S.H. Blannelberry: What do you say to gun advocates who feel as though questioning from law enforcement on why they’re exercising their 2A rights is unfair and discriminatory?
Ladd Everitt: I’d tell them you are responsible for the laws you have advocated for. You have demanded all the rights in the world with none of the incumbent responsibilities. We will not allow our loved ones to be put in harm’s way by those laws, which surround us with armed individuals who might be law-abiding, but just as easily could have lifelong histories of violence. Finally, there is [no] Second Amendment right whatsoever to carry a gun in public in this country. James Madison did not draft the Second Amendment so a violent individual like George Zimmerman play judge, jury and executioner in his community.
S.H. Blannelberry: Generally speaking, if a man showed up at a local supermarket carrying an AR-15 or AK-47, what would you advise a citizen to do?
Ladd Everitt: In that case, I would definitely suggest calling 911. Anyone who would bring a battlefield rifle into a grocery store is clearly lacking in good sense, and almost certainly promoting insurrectionist ideology (the idea that individuals have a right to kill government officials when they personally sense our government is behaving in a “tyrannical” manner). They present an unnecessary risk to everyone around them and the presence of police in such a situation is critical.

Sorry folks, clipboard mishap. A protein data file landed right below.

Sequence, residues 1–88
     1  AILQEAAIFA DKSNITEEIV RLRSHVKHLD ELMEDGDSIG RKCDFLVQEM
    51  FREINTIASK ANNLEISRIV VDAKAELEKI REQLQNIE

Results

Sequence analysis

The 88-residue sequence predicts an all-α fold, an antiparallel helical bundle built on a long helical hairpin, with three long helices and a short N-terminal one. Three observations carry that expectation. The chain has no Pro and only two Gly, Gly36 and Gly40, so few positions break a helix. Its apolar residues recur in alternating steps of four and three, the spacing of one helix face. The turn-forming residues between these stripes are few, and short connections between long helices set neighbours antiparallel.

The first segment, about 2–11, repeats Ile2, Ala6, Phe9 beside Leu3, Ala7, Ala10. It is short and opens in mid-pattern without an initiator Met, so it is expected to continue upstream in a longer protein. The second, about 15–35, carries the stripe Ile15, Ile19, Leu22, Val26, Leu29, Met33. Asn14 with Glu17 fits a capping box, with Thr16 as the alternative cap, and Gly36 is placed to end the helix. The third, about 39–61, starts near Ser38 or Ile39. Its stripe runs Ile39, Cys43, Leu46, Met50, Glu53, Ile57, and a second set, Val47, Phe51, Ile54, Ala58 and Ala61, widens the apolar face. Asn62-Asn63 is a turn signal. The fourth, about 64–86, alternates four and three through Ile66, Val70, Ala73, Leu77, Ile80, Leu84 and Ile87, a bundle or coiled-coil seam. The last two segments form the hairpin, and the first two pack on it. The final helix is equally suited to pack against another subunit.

Obviously Ladd and I have some deep philosophical disagreements about gun ownership. For example, I do think the Second Amendment protects one’s right to carry a firearm in public, as it is the right to keep and bear (carry) arms. Based on the fact that all 50 states have legalized some form of concealed carry, I think most courts and judges would agree with my interpretation. But that’s a conversation for a different day.
To the matter at hand, I don’t like the idea of creating an army of worrywarts who report every gun owner they spot. And I don’t think that gun owners should be harassed or hounded by police for carrying in public. By the same token, I respect the right of a citizen to sound the 911 alarm if they feel as though an armed individual is a danger to himself or others.
So, for me what this whole conversation comes down to is what is “reasonable” behavior under a given set of circumstances. For example, you see a father with a 1911 pistol on his hip, taking his children and a dog for a walk down the street, would you report him to authorities? Don’t think so. You see a fatigued-clad loner with a long gun running toward a school, yeah, it’s probably time to call 911. Bottom line: it depends on the circumstances.
Hopefully, CSGV’s call to action doesn’t upset the balance of what is considered reasonable behavior in the framework of community policing. I hope it simply serves as a reminder to report suspicious and potentially dangerous people and not simply armed, law-abiding citizens. I also hope it doesn’t make non-gun owners eager to call 911 on every gun owner they see. But I fear it might.
What are your thoughts on CSGV and their public service announcement?